There is also a growing trend toward creating a dedicated space in which to “curate” a luxury experience. British drinks company Diageo opened the Johnnie Walker House, a “brand experience space” in Shanghai designed to foster appreciation of Scottish whiskey and encourage Chinese drinkers to associate it with a sophisticated lifestyle. Also in Shanghai, Miele, a maker of high-end home appliances, has created Miele House, a combination store/showroom that sells a luxury lifestyle by displaying Miele products in a household context to help consumers imagine living in such an environment.
Looking toward tomorrow
As marketers focus on China’s middle class they will also have to prepare to serve an even more affluent upper tier of that demographic which, in many cases, will be located outside of China’s first-tier cities. According to consulting firm McKinsey, China will soon undergo a shift from its current “mass middle class” to a new category of upper-middle-class Chinese consumers. Calling this cohort the “new mainstream,” the firm identifies them as consumers with household incomes between ¥106,000 and ¥229,000 ($16,000-$34,000). Perhaps even more striking, their numbers will swell from just 14 percent of urban households today to 54 percent by 2022, according to McKinsey’s estimates.
Newfound affluence will lead to new behaviors in this group. Like western consumers, upper middle class consumers respond more strongly to the emotional dimension of products and services, in contrast to those in the mass middle class, who focus more on purely functional product attributes, such as durability. These new mainstream consumers will also begin to exhibit more brand loyalty than they have in the past.
Consumption patterns in the generation of Chinese born after the 1980s, now in their teens or early 20s, will also likely change. Having grown up in an environment of non-stop economic growth and abundance, they are more confident that their personal incomes will rise. They also tend to be more brand loyal, more adventurous in adopting new products and services, and more willing to trade up to premium products, according to McKinsey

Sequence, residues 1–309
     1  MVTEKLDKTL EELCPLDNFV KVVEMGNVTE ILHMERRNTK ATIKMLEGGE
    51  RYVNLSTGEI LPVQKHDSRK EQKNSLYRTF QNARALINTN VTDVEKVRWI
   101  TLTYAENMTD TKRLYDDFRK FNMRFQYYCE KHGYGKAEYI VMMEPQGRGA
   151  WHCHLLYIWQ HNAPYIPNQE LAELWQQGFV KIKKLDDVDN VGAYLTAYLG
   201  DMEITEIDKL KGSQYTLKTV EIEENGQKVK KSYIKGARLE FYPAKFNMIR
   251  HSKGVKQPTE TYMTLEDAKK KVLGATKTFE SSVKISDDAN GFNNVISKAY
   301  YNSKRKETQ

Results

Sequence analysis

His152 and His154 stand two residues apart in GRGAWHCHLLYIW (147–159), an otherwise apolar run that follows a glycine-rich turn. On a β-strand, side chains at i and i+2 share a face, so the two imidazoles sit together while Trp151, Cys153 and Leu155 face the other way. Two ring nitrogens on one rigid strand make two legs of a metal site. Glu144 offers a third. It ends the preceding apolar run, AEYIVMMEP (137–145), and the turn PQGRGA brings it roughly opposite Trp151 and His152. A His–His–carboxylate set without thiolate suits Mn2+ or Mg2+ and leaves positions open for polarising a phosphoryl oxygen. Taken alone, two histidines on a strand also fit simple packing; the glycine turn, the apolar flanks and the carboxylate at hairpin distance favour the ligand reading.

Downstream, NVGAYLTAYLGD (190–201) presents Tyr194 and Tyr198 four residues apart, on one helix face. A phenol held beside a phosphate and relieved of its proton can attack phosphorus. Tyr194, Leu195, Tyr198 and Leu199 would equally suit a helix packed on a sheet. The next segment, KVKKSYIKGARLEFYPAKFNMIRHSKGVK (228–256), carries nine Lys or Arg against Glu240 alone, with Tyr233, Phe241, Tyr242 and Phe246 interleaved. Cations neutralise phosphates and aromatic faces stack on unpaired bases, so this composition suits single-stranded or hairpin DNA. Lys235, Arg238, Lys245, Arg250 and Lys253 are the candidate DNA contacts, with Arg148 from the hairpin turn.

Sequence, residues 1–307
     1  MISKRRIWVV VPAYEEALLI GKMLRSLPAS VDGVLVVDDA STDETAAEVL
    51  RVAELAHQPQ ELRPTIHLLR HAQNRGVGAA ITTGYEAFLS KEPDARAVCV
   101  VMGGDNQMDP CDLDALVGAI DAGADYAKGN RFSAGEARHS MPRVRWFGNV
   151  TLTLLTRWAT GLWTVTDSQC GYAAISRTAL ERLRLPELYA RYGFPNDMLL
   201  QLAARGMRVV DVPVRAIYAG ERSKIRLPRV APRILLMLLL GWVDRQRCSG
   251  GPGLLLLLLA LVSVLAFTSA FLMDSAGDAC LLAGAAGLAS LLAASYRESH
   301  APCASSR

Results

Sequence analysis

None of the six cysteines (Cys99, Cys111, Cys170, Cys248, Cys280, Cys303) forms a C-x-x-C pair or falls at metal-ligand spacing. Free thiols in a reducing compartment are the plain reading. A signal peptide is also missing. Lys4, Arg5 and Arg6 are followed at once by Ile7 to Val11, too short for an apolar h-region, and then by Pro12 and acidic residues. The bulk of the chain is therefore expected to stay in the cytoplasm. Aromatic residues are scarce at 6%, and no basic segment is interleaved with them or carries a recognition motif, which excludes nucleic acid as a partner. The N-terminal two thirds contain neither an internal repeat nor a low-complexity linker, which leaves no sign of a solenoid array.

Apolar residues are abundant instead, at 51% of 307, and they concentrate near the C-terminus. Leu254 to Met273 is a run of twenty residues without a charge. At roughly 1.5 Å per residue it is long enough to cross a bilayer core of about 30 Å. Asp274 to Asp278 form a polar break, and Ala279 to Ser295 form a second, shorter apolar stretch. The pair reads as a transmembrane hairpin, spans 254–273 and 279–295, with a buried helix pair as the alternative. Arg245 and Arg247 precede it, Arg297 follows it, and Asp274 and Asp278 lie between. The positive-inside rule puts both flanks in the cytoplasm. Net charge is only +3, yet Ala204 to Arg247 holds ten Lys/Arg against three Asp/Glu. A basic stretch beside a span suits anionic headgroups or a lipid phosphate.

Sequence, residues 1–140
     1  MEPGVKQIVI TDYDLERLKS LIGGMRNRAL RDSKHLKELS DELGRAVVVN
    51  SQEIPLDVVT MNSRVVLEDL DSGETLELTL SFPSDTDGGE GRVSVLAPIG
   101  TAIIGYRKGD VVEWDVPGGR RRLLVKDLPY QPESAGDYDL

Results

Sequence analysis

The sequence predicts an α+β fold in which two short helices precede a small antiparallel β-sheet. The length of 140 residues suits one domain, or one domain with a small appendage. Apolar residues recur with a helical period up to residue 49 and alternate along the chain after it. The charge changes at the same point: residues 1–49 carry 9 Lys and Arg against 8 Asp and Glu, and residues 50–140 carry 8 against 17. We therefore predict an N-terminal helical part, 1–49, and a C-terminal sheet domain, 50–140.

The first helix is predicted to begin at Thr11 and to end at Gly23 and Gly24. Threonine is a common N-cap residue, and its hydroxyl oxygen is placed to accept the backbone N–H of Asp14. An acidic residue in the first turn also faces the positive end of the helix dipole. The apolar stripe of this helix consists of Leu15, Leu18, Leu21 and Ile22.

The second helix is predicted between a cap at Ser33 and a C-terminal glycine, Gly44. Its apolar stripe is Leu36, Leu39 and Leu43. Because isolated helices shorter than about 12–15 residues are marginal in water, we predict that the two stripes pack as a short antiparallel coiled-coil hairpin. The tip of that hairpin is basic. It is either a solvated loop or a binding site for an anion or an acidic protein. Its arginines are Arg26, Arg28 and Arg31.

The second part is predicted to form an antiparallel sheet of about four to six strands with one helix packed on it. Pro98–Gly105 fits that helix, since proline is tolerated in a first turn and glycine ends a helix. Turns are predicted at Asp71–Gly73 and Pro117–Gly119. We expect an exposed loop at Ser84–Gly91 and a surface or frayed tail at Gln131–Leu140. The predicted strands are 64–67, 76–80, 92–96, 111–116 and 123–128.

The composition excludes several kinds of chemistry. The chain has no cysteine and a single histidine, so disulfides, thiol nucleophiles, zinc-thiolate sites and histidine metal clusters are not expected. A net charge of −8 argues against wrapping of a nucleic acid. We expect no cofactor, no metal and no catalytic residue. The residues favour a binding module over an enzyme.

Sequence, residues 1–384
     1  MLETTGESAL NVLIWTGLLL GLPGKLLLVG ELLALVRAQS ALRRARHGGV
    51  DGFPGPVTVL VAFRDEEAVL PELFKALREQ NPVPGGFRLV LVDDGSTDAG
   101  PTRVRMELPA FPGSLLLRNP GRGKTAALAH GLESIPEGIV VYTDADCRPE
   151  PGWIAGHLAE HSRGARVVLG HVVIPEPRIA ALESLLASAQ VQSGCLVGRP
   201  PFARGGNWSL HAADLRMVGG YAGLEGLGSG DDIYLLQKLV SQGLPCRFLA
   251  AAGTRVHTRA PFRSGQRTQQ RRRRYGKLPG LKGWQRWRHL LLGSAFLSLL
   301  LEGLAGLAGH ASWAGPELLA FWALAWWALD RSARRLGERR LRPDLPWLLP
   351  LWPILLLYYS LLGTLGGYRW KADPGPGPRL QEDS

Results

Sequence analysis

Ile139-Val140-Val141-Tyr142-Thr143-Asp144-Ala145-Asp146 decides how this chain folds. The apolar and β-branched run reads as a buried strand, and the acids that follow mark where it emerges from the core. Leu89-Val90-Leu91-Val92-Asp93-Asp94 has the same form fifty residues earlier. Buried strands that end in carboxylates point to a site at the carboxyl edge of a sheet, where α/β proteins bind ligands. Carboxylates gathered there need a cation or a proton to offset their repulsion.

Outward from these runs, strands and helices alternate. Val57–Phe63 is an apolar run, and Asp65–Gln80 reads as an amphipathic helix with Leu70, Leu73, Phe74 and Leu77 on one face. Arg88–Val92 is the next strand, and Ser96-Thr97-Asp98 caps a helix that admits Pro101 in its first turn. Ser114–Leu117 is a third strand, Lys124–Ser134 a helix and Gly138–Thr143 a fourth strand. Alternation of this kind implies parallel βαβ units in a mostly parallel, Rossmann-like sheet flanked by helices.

At the same time, another trend is well underway: the geographic center of middle-class growth is shifting to China’s Western and Northern regions. For the past 20 years, economic growth has been concentrated in first- and second-tier cities in the coastal regions. Within 10 years, however, third-tier cities will be the main drivers of growth. Further, the new rich in third- and fourth-tier cities are much likelier to spend their disposable income online: 27 percent compared to 18 percent in first-tier cities.
These trends strongly suggest a need for a dual marketing strategy that lets retailers capture the middle-class and upper-middle-class consumers that will be spread out across the country.
[author] Li Hong ([email protected]) is senior partner and president of the China operations at FleishmanHillard, a public relations firm. [/author]